#UKedchat Nominated

Nom-hashtag-23kx3dr

The #UKedchat hashtag has been nominated for a Edublog Award. It would be great if regular UKedchatters could vote for the hashtag by going to http://edublogawards.com/vote-here/ and selecting the ‘Hashtag’ category and choosing #UKedchat

There are also many UKedchatters that have been nominated.

Our every own UKedchat administrator @ICTmagic has been nominated in the ‘Educational Wiki‘ and ‘Individual Tweeter’ categories.

The Digital Leader Network has been nominated in the ‘Group Blog’ category.

Both HeadGuruTeacher and JohnTomsett have been nominated for the ‘Administrator’ blog category.

The @LearningSpy‘s blog has been nominated for the ‘Teacher blog’

@eyebeamsL4L site has been nominated for the ‘Podcasts’ category.

@ictevangelist‘s blog has been nominated in the ‘Use of Media/Video’ category.

@NightZooKeeper‘s Drawing Torch App has been nominated for the ‘Mobile Apps’ category.

… and finally @TheHeadsOffice, @timrylands, @fullonlearning and @DeputyMitchell have all been nominated for ‘Lifetime Achievement’ category

Support the community and get voting!

 

Session 127 – What are the most effective uses of differentiation in planning, teaching and assessment?’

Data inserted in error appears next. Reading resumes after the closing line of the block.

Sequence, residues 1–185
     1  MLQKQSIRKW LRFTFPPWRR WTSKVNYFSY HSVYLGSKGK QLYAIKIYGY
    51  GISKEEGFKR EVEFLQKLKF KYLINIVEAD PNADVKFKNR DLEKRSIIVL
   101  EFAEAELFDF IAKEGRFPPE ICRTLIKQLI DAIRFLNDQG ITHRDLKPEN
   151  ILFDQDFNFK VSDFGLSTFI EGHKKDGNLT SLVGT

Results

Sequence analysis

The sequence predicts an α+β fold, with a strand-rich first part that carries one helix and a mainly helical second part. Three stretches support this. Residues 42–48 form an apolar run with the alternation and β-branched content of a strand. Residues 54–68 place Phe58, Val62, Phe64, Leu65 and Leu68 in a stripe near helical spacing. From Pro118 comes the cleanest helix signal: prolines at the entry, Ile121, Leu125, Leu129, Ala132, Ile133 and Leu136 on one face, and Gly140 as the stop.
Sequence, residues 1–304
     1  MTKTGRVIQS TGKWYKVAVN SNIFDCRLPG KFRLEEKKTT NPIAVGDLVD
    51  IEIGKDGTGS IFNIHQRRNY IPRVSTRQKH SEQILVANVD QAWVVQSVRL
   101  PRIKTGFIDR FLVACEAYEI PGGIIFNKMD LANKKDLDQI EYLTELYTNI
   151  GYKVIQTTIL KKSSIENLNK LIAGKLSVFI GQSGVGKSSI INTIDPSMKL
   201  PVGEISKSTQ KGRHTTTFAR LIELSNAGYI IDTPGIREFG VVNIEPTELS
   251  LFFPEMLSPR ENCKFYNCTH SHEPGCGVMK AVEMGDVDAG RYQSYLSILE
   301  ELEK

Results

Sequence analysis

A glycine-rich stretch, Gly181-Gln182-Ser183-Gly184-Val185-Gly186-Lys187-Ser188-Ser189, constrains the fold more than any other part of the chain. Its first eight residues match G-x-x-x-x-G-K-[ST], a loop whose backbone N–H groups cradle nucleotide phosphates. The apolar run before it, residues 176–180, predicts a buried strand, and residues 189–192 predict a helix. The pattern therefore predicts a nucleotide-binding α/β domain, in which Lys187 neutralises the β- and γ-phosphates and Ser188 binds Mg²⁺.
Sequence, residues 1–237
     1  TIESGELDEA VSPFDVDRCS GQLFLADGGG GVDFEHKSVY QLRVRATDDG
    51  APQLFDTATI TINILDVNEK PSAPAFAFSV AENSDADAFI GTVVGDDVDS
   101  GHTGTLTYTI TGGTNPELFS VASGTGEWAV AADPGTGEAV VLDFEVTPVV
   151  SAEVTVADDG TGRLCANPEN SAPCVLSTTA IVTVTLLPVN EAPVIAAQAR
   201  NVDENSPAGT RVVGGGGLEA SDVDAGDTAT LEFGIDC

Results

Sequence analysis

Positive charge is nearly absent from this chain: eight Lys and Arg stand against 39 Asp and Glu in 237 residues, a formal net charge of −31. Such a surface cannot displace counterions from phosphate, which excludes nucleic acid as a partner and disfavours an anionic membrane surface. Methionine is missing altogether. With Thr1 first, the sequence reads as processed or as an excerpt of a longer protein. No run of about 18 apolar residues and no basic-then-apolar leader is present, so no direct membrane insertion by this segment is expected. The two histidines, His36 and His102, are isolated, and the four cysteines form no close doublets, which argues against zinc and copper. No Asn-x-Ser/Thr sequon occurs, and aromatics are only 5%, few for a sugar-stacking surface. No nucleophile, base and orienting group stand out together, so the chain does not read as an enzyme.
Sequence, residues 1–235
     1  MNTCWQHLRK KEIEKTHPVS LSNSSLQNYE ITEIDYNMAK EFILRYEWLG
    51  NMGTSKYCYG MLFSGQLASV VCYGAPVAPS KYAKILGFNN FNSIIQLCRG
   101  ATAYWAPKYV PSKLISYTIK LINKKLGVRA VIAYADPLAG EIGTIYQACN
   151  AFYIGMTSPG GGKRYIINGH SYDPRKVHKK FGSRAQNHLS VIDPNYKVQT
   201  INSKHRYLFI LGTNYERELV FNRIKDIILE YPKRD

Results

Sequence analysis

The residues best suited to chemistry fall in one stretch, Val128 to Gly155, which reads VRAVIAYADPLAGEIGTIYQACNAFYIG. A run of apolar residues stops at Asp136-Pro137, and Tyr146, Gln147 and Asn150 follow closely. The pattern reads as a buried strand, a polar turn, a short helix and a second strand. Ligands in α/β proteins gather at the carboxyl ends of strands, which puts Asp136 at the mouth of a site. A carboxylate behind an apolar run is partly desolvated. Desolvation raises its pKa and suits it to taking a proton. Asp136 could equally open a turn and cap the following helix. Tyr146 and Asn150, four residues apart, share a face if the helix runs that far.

Learningcycle

Session Title: What are the most effective uses of differentiation in planning, teaching and assessment?’
Date: Thursday 29th November 2012

Summary of the Session:

This week’s topic on differentiation initially led to a debate on what the word ‘differentiation’ actually means. One definition that stood out for me was from @MrIanHickman who suggested that “Differentiation: (is) the art of creating challenging earning opportunities for a range of abilities”.

The discussion was full of differing opinions surrounding the effectiveness of differentiation methods and whether we should even be differentiating lessons at all. Some tweeters were concerned about the time and effort put into differentiating just 1 lesson and the challenges faced by teaching classes with such a variety of needs.

Most of the discussion focused on many great effective uses and methods of differentiation. These included by questioning, the use of different teaching and learning styles, the level of support given to the pupils, differing tasks and activities and the amount of time given to pupils to finish their task.

Assessment was mentioned and how we can use this to set targets based on pupils’ performance. The use of mixed ability groups versus ability groups was discussed with advantages for using both depending on activity or subject. Another important point that was talked about was how our knowledge of our pupils allows us to modify our teaching to enable all pupils to access the lesson or activity at their level.